10 Dec. 1948 in a foreign policy debate
‘We are not seeking in the European movement…to usurp the functions of government. I have tried to make this plain again and again to the heads of government. We ask for a European assembly without executive power. We hope that sentiment and culture, the forgetting of old feuds, the lowering and melting down of barriers of all kinds between countries, the growing sense of being a good European – we hope that all these will be the final eventual and irresistible solvent of the difficulties which now condemn Europe to misery. The structure of constitutions, the settlement of economic problems, the military aspects, these belong to governments. We do not trespass on their sphere.
Harriman, Acheson, General Walter Bedell Smith, and more on the question of a European Army
“They got nowhere with him over the opposition to fusing the European countries’ armed forces into one outside NATO, which therefore never happened.”
Of course Europe became more unified and less contentious before the advent of the EU probably through a combination of partition, the ‘iron curtain’ that divided Eastern Europe from Western Europe, the numerous American bases in Europe, and the democratic practices that pertained in Western Europe along with economic prosperity.
Churchill on Immigration and Diversity
Churchill’s Victorian roots in British aristocracy show up more when he speaks about diversity. After WWII immigrations to the UK started to bring people to England who did not fit Churchill’s love of uniting English-speaking nations. They came mainly from the West Indies at that time and were often neither white nor English-speaking. Would Churchill have liked the idea of remaining separate from the EU even more if he was still in charge of a nation flooded with 21 st century refugees. Andrew Roberts who wrote the book Churchill: Walking with Destinybelieves that Churchill’s views on race (skin color) were deeply embedded in his aristocratic soul and that they might have proven to be a thing he could not change. Churchill had a paternal interest in the nations that made up the British Empire, nations he saw as undeveloped. He thought it was the responsibility of leading nations to bring order to less developed nations. We understand this kind of arrogance but it is no longer in favor; this sort of noblesse oblige. Even the American leaders Churchill met with during the last years of WWII had little patience with his passions to include the needs of nations in England’s far-flung Empire in their military plans, although at the end of the war we added certain protectorates to our own empire, perhaps because the war in the Pacific tromped all over these island nations.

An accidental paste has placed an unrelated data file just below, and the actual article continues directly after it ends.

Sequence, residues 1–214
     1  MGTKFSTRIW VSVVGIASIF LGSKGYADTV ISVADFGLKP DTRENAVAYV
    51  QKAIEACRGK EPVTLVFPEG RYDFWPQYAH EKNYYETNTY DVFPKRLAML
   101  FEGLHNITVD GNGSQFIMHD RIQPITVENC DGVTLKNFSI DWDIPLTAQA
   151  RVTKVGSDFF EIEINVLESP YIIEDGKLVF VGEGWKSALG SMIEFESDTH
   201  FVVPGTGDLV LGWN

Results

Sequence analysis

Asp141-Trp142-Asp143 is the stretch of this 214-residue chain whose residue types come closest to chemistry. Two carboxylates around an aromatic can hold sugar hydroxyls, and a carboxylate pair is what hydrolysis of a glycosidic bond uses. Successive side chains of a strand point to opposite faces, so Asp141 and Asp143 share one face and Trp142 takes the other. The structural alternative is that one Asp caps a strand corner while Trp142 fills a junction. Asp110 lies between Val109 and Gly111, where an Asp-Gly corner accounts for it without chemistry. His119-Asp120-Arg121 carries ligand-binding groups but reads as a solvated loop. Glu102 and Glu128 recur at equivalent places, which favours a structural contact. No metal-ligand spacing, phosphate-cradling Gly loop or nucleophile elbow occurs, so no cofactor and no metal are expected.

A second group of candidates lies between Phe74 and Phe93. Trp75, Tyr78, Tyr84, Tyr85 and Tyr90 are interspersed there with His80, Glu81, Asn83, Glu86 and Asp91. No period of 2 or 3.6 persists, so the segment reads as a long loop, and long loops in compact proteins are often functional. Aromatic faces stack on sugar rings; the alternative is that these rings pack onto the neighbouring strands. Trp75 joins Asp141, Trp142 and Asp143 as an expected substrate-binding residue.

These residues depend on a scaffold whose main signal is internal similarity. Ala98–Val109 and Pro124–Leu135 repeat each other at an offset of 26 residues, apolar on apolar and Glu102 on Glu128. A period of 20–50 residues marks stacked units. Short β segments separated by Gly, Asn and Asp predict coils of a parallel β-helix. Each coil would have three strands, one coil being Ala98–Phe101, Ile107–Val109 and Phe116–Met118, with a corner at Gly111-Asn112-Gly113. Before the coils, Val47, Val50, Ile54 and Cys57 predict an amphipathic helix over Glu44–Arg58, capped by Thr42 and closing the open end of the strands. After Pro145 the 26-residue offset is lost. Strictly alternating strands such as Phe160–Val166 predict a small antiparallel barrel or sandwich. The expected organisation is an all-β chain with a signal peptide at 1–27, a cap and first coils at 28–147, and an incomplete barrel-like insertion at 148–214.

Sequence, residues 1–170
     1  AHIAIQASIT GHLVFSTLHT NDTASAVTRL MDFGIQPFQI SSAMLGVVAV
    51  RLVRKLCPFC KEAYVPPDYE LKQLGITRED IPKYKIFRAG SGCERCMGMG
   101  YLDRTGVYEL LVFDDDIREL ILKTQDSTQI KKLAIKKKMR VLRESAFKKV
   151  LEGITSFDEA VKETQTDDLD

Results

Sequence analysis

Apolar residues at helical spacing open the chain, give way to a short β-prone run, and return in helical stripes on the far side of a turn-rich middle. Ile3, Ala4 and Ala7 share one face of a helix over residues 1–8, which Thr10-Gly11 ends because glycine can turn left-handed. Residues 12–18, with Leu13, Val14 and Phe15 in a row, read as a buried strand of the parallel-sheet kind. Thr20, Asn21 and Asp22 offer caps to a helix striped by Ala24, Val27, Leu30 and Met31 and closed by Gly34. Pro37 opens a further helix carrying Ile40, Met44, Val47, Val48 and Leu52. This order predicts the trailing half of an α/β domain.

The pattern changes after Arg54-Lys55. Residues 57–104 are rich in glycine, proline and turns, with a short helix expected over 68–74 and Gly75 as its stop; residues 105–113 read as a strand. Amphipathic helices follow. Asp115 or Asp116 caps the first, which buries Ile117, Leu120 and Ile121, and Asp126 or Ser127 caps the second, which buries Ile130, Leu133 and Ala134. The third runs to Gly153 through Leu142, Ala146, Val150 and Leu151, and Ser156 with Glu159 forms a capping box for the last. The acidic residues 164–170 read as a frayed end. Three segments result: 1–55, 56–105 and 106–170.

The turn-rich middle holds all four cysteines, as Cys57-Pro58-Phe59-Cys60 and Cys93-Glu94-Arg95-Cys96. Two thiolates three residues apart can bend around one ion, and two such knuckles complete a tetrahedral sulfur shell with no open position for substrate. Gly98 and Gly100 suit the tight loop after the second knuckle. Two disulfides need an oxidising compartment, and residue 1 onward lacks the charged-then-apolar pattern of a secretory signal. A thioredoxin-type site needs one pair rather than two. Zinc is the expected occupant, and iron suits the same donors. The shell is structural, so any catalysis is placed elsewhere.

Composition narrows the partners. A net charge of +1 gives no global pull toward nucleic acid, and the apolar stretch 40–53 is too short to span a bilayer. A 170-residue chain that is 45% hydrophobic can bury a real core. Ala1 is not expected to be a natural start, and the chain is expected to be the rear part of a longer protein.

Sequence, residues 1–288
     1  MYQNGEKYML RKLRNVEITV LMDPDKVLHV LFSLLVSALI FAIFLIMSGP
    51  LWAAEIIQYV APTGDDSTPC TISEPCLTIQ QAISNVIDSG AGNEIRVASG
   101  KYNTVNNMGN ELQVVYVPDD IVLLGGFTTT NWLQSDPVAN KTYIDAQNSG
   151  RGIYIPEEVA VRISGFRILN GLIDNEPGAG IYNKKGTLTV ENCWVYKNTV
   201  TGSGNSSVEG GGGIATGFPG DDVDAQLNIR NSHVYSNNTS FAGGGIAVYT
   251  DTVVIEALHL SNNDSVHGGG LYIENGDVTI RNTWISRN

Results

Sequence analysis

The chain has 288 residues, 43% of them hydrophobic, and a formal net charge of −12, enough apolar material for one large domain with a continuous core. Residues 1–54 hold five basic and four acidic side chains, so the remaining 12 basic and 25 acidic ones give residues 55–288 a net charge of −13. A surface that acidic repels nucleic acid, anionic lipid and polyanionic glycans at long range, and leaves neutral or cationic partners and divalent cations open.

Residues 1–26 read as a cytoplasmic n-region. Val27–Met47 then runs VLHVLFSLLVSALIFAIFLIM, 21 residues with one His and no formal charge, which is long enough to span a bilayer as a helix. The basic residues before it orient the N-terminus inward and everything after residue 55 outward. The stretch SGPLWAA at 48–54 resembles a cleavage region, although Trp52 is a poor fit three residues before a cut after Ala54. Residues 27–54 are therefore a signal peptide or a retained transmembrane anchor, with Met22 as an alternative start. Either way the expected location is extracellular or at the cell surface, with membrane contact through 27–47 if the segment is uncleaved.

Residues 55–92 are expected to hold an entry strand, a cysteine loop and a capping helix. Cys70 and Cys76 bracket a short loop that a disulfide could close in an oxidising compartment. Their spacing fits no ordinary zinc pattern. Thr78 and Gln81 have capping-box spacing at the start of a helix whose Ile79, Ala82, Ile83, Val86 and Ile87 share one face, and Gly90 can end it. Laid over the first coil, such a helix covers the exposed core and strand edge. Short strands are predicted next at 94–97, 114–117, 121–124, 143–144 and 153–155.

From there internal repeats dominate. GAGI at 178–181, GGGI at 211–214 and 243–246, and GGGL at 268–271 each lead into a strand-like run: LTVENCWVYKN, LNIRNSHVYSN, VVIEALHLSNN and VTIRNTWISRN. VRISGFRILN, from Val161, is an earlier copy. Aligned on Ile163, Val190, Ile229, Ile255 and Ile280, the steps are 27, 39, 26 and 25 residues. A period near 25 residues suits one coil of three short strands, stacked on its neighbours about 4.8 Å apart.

‘Problems will arise if many coloured people settle here’ “Churchill told the Cabinet on 3 February 1954. ‘Are we to saddle ourselves with colour problems in the United Kingdom? They are attracted by the Welfare State? Public opinion in the United Kingdom won’t tolerate it once it gets beyond certain limits.’
“Although Churchill did not like the implosion of the Empire he had so loved and fought for, and denounced what he called ‘the magpie society’, he did not attempt to impose curbs on immigration, which were not introduced until the early 1960’s. On the issue of West Indian immigration, on another occasion he told the Cabinet that a good slogan was ‘Keep England white,’ indicating that his view on the matter of ethnicity had not materially changed since his adolescence.”
Churchill has been gone from this world for over 50 years now, which is why so many primary sources were available to his biographer, Andrew Roberts. But it was surprising to me to learn how contemporary his thoughts actually were and how once again he seemed to own a certain prescience about the future concerns of the modern world. Nations are grappling with all kinds of ways to form unions that boost their influence and power, in both military and economic spheres. We constantly go to war and obsess about how to stop having wars. We may agree that Churchill’s views were those of a modern white supremacist but we are all learning that living with immigration and mixing people of different nationalities and races in relatively safe nations with healthy economies is creating cultural difficulties for everyone that will require patience and tolerance to resolve. If we can’t cope with living in populations that are more global in scope then a world conflagration more deadly than any ever experienced could result. Churchill made me think about what the world needs to do to avoid WWIII. I am not the only one who wants to avoid that. People work for this outcome every day. Churchill was not a perfect man; but he was a great man. We could use another. (Autocrats need not apply).
Photo Credit: From a Google Image Search – Katy Jon Went